Wi max tutorial 2006

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Wi max tutorial 2006

  1. 1. WiMAX Tutorial Luca Dell’Anna November 22nd, 2006 luca@dellanna.com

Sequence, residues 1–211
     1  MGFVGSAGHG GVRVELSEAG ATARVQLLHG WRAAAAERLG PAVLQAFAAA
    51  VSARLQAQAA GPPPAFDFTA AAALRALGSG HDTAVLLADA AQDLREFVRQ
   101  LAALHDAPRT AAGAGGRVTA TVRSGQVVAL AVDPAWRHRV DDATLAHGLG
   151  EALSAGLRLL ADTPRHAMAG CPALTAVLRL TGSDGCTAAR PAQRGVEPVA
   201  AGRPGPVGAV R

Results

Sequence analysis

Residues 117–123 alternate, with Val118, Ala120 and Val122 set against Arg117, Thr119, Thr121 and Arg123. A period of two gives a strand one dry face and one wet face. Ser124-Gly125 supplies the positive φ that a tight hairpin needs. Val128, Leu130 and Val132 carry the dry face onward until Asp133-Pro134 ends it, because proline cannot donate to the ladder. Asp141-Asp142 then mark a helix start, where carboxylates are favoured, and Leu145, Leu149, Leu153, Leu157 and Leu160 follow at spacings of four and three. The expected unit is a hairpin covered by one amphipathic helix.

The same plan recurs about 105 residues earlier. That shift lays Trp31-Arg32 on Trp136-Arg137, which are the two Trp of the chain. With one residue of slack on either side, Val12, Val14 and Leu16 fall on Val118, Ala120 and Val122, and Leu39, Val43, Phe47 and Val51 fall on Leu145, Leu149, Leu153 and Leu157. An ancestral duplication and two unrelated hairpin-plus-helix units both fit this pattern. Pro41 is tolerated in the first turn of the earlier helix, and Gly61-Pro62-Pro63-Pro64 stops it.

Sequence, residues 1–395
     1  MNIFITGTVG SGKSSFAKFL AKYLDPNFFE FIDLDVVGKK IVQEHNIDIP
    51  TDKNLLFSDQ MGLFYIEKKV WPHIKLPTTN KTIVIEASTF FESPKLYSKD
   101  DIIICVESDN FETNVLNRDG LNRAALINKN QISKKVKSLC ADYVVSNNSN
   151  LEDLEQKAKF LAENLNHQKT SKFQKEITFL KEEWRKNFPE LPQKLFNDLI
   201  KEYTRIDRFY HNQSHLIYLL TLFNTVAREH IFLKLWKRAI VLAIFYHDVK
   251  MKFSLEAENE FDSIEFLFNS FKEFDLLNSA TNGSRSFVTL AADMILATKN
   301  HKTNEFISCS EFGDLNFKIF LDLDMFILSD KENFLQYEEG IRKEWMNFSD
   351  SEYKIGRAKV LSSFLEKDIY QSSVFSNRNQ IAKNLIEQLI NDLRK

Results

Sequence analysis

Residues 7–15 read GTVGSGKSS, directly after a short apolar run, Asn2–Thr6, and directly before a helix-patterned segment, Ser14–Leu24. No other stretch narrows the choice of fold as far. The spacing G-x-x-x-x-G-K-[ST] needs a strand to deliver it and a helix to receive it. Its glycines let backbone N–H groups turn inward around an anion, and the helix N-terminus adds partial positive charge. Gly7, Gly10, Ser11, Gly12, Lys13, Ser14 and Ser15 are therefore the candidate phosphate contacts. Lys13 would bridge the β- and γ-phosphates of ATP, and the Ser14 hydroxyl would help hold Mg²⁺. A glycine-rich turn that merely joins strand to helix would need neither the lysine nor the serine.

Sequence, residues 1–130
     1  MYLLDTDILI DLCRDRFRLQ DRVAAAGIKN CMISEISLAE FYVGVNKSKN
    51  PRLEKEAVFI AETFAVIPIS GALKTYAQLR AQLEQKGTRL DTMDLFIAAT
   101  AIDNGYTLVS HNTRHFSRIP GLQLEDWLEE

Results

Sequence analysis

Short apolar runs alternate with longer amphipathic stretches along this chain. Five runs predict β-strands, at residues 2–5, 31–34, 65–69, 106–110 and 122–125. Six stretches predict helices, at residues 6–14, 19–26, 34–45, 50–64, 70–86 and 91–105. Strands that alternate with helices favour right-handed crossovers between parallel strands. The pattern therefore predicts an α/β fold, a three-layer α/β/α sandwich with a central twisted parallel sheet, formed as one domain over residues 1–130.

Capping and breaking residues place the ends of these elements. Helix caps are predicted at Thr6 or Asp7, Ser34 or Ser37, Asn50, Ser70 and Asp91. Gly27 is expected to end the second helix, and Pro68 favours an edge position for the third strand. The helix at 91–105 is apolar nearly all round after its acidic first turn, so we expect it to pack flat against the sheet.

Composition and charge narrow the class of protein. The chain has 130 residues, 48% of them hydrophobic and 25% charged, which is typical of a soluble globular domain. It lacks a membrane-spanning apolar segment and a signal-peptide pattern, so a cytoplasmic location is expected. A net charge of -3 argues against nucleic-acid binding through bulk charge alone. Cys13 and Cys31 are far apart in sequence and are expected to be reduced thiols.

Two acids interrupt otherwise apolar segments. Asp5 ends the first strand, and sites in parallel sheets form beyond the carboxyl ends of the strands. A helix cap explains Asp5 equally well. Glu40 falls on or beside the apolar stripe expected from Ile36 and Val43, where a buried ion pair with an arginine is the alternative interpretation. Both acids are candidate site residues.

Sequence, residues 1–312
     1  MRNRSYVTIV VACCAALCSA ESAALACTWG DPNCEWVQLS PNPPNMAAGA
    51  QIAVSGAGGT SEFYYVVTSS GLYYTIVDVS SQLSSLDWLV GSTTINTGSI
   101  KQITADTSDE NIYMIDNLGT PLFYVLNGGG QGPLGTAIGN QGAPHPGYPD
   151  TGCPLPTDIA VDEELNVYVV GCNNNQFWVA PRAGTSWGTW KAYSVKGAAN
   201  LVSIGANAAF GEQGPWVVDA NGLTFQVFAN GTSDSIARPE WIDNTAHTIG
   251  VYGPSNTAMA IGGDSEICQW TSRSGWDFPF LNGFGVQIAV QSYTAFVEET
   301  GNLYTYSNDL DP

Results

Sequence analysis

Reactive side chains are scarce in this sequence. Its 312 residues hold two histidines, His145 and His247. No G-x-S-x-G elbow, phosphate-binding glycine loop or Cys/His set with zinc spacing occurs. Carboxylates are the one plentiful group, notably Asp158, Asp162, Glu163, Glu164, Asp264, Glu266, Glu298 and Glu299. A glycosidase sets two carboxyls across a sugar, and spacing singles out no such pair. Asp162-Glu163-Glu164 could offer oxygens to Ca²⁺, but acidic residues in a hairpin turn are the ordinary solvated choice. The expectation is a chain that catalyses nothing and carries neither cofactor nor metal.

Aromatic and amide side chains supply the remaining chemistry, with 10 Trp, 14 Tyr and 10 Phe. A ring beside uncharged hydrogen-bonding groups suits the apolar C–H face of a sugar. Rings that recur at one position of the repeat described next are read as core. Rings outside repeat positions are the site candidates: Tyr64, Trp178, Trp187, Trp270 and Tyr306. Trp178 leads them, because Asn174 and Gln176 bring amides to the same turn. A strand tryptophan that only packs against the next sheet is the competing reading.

2. 2. This article is licensed under the GNU Free Documentation License. It uses material from the Wikipedia article "WiMAX" SummaryWiMAX Tutorial............................................................................................................ 1 1. Introduction ......................................................................................................................... 3 2. Technical overview............................................................................................................... 3 3. Uses for WiMAX.................................................................................................................... 3 4. Broadband Access ................................................................................................................ 4 5. Mobile applications.............................................................................................................. 4 6. Spectrum Allocations for WiMAX........................................................................................... 4 7. Standards............................................................................................................................. 5 7.1. IEEE 802.16e ................................................................................................................. 5 7.2. HIPERMAN..................................................................................................................... 5 7.3. WiBro ........................................................................................................................... 5 8. Associations......................................................................................................................... 6 8.1. WiMAX Forum ............................................................................................................... 6 8.2. WiMAX Spectrum Owners Alliance................................................................................. 6 9. Competing technologies ....................................................................................................... 6 9.1. LTE ............................................................................................................................... 6 9.2. EV-DO ........................................................................................................................... 7 9.3. Wi-Fi............................................................................................................................. 7 9.4. Mobile Broadband Wireless Access ............................................................................... 7 10. Deployment...................................................................................................................... 7 10.1. Australia................................................................................................................... 7 10.2. Austria...................................................................................................................... 7 10.3. Brazil........................................................................................................................ 7 10.4. Canada ..................................................................................................................... 7 10.5. Croatia...................................................................................................................... 8 10.6. Denmark................................................................................................................... 8 10.7. Ireland...................................................................................................................... 8 10.8. Finland ..................................................................................................................... 8 10.9. France ...................................................................................................................... 8 10.10. New Zealand............................................................................................................. 8 10.11. Georgia..................................................................................................................... 8 10.12. Slovakia.................................................................................................................... 8 10.13. UK ............................................................................................................................ 8 10.14. USA........................................................................................................................... 8 10.15. Italy.......................................................................................................................... 9 11. References ....................................................................................................................... 9